Merriam-Webster Asked People to Name the Best Words That Can’t Be Translated into English

Merriam-Webster’s dictionary has around 470,000 words in it, and there’s still not a word for everything.  So this was a fun idea.  On Tuesday, their official Twitter account asked people from other countries to name their favorite word we don’t have a word for in English.  Here are a few of the best ones.

1.  Sobremesa.  (so-breh-MEH-sah)  Spanish for “that chill time around the table” after dinner, when you’re just chatting and hanging out.

2.  Tsundoku.  (soon-DOE-koo)  A Japanese word for when you buy a lot of books and let them pile up, but don’t actually read them.

3.  Kilig.  (key-LEEG)  It’s a word used in the Philippines.  It means the rush or joy you feel after seeing or experiencing something romantic.  

4.  Gigil.  (GIH-gill)  Another word used in the Philippines.  It means something is overwhelmingly cute, so cute, you might feel the urge to squeeze or eat it.

5.  Uitwaaien.  (OUT-vine)  A Dutch word for walking or exercising on a windy day, especially to relax or help center yourself.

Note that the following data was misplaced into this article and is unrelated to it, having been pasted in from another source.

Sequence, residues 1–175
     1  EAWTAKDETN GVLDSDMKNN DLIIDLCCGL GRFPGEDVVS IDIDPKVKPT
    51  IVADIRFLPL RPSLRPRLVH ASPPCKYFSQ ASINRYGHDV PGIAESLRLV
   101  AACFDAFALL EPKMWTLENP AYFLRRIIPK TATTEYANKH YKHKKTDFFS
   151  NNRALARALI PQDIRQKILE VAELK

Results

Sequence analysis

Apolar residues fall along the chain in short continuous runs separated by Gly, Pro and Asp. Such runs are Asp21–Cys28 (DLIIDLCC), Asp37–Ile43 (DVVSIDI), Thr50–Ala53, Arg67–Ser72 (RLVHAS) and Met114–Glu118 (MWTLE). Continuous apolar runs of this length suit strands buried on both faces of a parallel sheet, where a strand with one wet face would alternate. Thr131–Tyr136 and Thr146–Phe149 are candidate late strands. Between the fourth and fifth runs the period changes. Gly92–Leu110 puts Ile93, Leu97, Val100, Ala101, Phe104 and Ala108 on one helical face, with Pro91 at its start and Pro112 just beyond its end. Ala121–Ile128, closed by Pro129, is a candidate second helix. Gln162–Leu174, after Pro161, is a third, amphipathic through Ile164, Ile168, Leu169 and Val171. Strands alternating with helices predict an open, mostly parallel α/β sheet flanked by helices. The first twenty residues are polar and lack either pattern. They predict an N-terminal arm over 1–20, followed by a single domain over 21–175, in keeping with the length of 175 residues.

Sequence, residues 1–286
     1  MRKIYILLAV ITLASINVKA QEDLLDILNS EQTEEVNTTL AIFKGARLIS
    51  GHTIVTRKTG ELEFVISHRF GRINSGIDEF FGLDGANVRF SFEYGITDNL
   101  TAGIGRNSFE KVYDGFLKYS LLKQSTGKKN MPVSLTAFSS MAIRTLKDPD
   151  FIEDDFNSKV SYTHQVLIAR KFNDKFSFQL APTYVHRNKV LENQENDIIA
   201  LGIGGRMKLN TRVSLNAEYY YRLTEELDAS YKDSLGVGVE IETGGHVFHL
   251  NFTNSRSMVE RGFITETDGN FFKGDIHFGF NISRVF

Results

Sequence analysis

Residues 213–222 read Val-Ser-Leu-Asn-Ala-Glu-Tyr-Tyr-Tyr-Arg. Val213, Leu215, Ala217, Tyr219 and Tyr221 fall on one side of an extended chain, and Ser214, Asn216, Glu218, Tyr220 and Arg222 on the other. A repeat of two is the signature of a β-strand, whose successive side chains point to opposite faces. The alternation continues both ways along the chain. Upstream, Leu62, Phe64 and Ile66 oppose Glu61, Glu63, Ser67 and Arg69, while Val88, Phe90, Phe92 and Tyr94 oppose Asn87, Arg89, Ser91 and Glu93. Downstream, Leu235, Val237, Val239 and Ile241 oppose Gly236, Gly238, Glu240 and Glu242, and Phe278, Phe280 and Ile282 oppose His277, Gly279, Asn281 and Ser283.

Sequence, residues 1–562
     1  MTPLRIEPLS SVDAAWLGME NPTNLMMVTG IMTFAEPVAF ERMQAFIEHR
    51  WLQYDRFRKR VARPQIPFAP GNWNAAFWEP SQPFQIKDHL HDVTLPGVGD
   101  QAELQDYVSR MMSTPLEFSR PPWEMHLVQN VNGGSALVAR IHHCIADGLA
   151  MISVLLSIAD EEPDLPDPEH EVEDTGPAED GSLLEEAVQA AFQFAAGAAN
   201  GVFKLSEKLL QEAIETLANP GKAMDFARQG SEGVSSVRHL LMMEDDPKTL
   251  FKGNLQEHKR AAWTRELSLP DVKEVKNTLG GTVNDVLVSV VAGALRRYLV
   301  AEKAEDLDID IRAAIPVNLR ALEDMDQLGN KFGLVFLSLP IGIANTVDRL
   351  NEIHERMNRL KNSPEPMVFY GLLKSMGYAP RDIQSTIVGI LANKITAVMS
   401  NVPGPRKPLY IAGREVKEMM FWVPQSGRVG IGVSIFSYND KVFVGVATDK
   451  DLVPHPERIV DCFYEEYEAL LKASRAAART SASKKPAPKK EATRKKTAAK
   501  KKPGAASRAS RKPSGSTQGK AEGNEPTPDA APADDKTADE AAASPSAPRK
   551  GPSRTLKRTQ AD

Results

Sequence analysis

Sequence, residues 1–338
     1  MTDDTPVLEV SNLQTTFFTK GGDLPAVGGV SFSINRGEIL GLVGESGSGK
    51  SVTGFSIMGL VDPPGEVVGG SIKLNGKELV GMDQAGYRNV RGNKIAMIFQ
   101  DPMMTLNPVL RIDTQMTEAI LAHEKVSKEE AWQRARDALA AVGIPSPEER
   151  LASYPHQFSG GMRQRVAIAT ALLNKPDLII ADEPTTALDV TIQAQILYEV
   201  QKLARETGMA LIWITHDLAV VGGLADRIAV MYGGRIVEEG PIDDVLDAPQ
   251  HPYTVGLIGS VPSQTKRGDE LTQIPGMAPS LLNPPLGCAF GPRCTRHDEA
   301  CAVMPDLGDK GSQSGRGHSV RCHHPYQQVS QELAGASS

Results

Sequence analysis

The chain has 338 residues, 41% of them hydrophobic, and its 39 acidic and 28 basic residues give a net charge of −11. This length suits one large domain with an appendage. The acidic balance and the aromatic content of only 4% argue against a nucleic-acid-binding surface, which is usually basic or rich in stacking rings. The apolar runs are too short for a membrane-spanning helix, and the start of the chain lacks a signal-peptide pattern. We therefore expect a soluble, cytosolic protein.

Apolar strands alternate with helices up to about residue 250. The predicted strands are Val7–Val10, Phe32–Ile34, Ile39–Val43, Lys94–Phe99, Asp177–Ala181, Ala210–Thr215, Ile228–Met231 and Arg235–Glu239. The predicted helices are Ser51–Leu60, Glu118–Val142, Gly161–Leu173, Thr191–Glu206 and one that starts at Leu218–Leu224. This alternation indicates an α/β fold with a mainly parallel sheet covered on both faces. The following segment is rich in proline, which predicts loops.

6.  Vorfreude.  (for-FROY-duh)  A German word that’s sort of like “pre-joy.”  It’s when you’re thinking about something in the future, and it makes you really happy.

7.  Kabelsalat.  (KAH-bul-zuhl-aht)  Another German word that literally means “cable salad.”  It’s when you’ve got a bunch of wires twisted up and have to untangle them.

8.  Bàofùxìng áoyè.  (bau-FOO-sing au-yeh)  It means “revenge bedtime procrastination” in Chinese.  It’s when you stay up late because you didn’t get enough time to yourself all day.

9.  Kalsarikännit.  (KAHL-suh-rih-cah-nit)  A Finnish word that means “pants-drunk,” or drinking at home in your underwear with no plans to go out.

10.  Kuchisabishii.  (koo-shee-shah-BEE-shee)  A Japanese word that literally means “lonely mouth.”  It’s when you’re not hungry, but you eat because you’re bored.


(Huff Post)